ALLENTOWN, Pa. — The agency that oversees water quality and quantity in the four-state Delaware River basin issued proposed regulations Thursday for the natural gas drilling industry, launching what is certain to be a heated debate pitting energy companies and property owners who have signed lucrative leases against environmentalists, sporting groups and residents worried about their drinking water supplies.
The Delaware River Basin Commission published the long-awaited regulations on its website. They govern a range of drilling activities, including water withdrawals, well pad siting and wastewater disposal, and require drilling companies to post a bond of $125,000 per well to cover the plugging and restoration of abandoned wells and the remediation of any pollution.
The commission — a powerful federal-interstate compact agency that monitors water supplies for 15 million people, including half the population of New York City — has declared a moratorium on Marcellus Shale drilling projects in the Delaware River basin until the rulemaking process is complete.
The proposed regulations are meant to protect “an incredible regional resource for the mid-Atlantic area,” said Carol Collier, the DRBC’s executive director.
The panel has jurisdiction because the drilling process will require the withdrawal of huge amounts of water from the watershed’s streams and rivers. The commission also cites the potential for groundwater and surface water contamination.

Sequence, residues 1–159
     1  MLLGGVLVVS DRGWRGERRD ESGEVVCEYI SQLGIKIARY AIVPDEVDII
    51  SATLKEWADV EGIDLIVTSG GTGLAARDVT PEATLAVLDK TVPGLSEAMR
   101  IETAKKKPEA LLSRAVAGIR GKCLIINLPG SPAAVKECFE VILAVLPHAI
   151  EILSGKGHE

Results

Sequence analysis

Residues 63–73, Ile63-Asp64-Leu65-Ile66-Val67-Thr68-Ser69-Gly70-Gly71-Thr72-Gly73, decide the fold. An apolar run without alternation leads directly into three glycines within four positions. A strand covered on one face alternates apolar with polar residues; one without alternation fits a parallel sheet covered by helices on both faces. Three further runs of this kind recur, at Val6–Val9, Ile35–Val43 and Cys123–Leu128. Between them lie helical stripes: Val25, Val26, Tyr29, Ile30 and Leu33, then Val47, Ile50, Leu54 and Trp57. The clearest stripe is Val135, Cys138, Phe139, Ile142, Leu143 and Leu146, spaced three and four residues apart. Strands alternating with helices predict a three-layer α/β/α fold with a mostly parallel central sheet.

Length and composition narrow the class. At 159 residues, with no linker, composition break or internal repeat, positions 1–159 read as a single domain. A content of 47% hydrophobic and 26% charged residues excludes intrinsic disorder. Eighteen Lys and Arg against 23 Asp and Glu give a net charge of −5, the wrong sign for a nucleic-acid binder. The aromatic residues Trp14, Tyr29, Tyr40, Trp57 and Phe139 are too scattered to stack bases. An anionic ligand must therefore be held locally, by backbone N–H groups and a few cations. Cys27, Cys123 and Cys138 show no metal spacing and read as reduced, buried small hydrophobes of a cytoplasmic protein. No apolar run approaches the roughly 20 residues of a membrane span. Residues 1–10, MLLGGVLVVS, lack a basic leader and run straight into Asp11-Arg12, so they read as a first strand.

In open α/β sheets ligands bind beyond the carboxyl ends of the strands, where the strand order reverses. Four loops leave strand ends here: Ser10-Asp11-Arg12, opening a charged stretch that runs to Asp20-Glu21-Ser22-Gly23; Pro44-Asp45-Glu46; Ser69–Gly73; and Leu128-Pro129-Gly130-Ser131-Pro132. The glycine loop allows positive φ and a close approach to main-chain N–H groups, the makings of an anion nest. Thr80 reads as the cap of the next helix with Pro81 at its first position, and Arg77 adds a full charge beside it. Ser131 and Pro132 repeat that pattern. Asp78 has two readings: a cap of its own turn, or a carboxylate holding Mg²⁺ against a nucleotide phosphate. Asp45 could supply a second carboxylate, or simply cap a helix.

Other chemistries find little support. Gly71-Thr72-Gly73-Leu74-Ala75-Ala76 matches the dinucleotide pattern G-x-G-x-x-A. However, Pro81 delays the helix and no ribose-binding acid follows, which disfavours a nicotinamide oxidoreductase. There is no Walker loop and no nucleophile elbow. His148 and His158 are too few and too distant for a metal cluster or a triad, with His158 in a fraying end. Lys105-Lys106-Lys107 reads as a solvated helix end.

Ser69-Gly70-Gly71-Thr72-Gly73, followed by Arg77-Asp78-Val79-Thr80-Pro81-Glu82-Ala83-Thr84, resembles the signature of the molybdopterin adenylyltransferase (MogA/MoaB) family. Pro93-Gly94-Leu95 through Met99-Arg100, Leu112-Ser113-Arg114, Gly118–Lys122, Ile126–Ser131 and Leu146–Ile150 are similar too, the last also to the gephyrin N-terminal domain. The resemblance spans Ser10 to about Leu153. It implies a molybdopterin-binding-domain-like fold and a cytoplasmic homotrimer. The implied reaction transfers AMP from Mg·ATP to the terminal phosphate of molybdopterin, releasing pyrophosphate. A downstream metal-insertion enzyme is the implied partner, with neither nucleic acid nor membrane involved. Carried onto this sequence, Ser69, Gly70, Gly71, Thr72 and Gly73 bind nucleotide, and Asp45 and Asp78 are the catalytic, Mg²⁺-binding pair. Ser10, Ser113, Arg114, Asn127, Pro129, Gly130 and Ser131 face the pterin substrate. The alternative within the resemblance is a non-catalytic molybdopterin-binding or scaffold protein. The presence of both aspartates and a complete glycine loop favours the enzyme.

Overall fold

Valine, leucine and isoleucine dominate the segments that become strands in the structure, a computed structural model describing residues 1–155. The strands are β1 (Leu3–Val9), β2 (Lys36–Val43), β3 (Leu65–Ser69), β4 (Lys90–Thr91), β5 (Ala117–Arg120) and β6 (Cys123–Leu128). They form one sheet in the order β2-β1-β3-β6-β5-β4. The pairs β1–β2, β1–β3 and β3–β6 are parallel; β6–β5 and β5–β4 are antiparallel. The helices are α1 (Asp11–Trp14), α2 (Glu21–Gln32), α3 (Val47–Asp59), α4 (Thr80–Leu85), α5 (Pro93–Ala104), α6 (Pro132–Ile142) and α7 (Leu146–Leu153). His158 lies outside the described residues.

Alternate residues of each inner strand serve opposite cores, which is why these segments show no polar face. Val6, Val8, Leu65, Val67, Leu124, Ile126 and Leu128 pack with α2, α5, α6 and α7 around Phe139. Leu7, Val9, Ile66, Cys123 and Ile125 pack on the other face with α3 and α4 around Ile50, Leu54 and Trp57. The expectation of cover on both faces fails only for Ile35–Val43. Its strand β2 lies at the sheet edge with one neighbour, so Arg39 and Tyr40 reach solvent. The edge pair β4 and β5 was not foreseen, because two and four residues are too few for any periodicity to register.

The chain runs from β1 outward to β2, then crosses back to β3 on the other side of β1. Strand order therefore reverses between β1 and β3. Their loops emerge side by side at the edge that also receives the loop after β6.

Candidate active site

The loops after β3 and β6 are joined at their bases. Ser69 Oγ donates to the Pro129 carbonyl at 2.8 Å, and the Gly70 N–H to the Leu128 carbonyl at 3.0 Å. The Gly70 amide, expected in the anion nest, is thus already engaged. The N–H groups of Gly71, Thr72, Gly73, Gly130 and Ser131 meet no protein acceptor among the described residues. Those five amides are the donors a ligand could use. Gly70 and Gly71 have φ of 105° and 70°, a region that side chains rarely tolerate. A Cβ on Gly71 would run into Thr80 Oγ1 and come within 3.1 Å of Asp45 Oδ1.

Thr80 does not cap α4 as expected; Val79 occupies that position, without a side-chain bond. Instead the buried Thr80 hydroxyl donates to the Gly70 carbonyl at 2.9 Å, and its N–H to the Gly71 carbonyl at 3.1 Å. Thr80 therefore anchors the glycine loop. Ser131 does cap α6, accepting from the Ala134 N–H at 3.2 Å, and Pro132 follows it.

Energy companies have leased thousands of acres of land in the Delaware River basin, hoping to tap vast stores of gas in a sprawling rock formation — the Marcellus Shale — that experts believe could become the nation’s most productive gas field.
Farmers and other landowners say drilling will bring jobs and prosperity, chafing at what they see as unwarranted regulatory foot-dragging by the basin commission.
Drilling opponents, meanwhile, contend that large-scale gas exploration so close to crucial waterways and renowned fisheries invites catastrophe. They wanted the agency to complete a proposed cumulative impact study before issuing the draft rules.
“It’s a grave mistake for the DRBC to rush forward with half-baked regulations before the needed scientific analysis is done through a cumulative impact analysis,” Tracy Carluccio, deputy director of Delaware Riverkeeper Network, a nonprofit advocacy group, said in a statement ahead of the rules’ publication.
In New York state, where lawmakers recently extended a temporary ban to allow state regulators to issue new guidelines for shale gas extraction, departing Gov. David Patterson wrote to Collier on Monday to ask that DRBC “halt its efforts to enact regulations” on shale drilling. New York City Mayor Michael Bloomberg warned Collier last month against “a rush to regulate and drill.”
The impact study sought by environmental groups awaits funding. In the meantime, Collier said, the commission felt it was important to begin writing the rules “so the public can see the direction the DRBC is proposing” and be able to “comment specifically about what the concerns are and where the gaps may be.”